New Statue "Spirit of the Springs" Enhances Campus Landscape
A symbolic representation of Ohio Dominican University’s earliest origins has taken the form of a sculpture created by artist Alfred Tibor. The sculpture, entitled “Spirit of the Springs,” has been placed in the garden area between Spangler Learning Center and Wehrle Hall on ODU’s main campus, the site on which the former academy was located.The statue, a tribute to the women who attended St. Mary of the Springs Academy, was commissioned by the St. Mary of the Springs Academy Alumnae Association, which raised funds for its creation.
St. Mary of the Springs Academy was a private Catholic high school for young women. It was located on the near east side of the city on what is now the Ohio Dominican University campus, from 1868 to1966. The academy shared Erskine Hall with the College of St. Mary of the Springs (the earliest name of Ohio Dominican University.) The Dominican Sisters of St. Mary of the Springs, now the Dominican Sisters of Peace, operated both the academy and the college.
The academy welcomed girls from all parts of the city. Uniforms, strict discipline, and high educational standards were the norm. Four generations of women attended the school. Many graduates went on to attend the College of St. Mary of the Springs. Some alumnae joined the Dominican Sisters of St. Mary of the Springs.
A reception recognizing the lead donors to the Spirit of the Springs campaign was held Sunday, October 10, 2010, in Wehrle Hall. Katie Paolini, the academy’s alumnae president, led the brief program. Special guests included Tibor; ODU President Peter Cimbolic; and Sister Margaret Ormond, O.P., prioress of the Dominican Sisters of Peace. An official dedication will take place in the spring of 2011.
The steering committee of academy alumnae who worked on the project include Molly Butler, Anne Kochensparger Powers, Peggy McGreevy Walter, Bebe Miller Finn, and Lou Ann Yardley Moritz Ransom.
“Today, a group of alumnae hopes to create an increased interest in the alumnae association of the academy by acknowledging the existence of the school and remembering its place in history,” Paolini said. “The placement of a sculpture near the space once occupied by the academy will bring awareness to alumnae, their heirs, and the public.”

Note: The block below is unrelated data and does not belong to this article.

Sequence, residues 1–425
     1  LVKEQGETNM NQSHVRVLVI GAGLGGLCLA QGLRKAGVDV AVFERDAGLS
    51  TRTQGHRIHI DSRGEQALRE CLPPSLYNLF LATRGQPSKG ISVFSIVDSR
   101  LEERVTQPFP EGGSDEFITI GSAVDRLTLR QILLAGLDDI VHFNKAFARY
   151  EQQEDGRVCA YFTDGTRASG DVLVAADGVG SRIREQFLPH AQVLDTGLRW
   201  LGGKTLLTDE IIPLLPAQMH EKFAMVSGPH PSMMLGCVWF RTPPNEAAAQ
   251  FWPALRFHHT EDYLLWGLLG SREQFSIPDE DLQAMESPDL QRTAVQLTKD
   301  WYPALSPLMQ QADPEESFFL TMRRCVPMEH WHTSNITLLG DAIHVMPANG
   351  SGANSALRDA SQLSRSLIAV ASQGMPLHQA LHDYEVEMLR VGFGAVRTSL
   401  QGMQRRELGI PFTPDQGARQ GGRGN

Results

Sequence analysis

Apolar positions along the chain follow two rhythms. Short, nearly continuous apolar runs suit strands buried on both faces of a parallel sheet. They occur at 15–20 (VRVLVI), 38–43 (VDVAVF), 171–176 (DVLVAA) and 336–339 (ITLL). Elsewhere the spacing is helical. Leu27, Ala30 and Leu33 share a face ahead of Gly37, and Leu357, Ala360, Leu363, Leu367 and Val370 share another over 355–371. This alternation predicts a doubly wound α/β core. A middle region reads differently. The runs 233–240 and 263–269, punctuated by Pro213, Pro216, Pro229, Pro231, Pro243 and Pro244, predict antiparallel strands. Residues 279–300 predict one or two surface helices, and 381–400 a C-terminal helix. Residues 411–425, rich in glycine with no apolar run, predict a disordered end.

“Through my art, I emphasize subjects that deal with life and life’s experiences. In the creation of the piece for ‘The Spirit of the Springs’ Project, I began with the title of the piece for my inspiration. I was moved by the word ‘springs.’ I focused on that word. The word itself held so much promise, so many possibilities. Life, as part of the circle and cycle of life, begins with the spring. Spring represents a renewal, rejuvenation, a new beginning, and the hope for the future, for some, a ‘first’ beginning. And so it was with St. Mary of the Springs Academy. The Academy educated young minds, those minds in the ‘spring’ of their lives, young women, like the bird, about to take flight. The Academy educated and shaped the minds of young women in the hopes of a better tomorrow.
“As an artist, I use my pieces to create an inner feeling, a human feeling. I hope to leave others with a sense of renewal and of hope. As a Holocaust survivor, I believe my life was spared for this purpose, my work. Whether it is one of my Holocaust sculptures, a biblical figure or a woman standing proud and tall, the human aspect of the piece is what is being expressed to the viewer – that there is beauty and value to be found in all our lives, for I truly believe life is a celebration. The ‘Spirit of the Springs Project’ is yet another chain in that celebration.”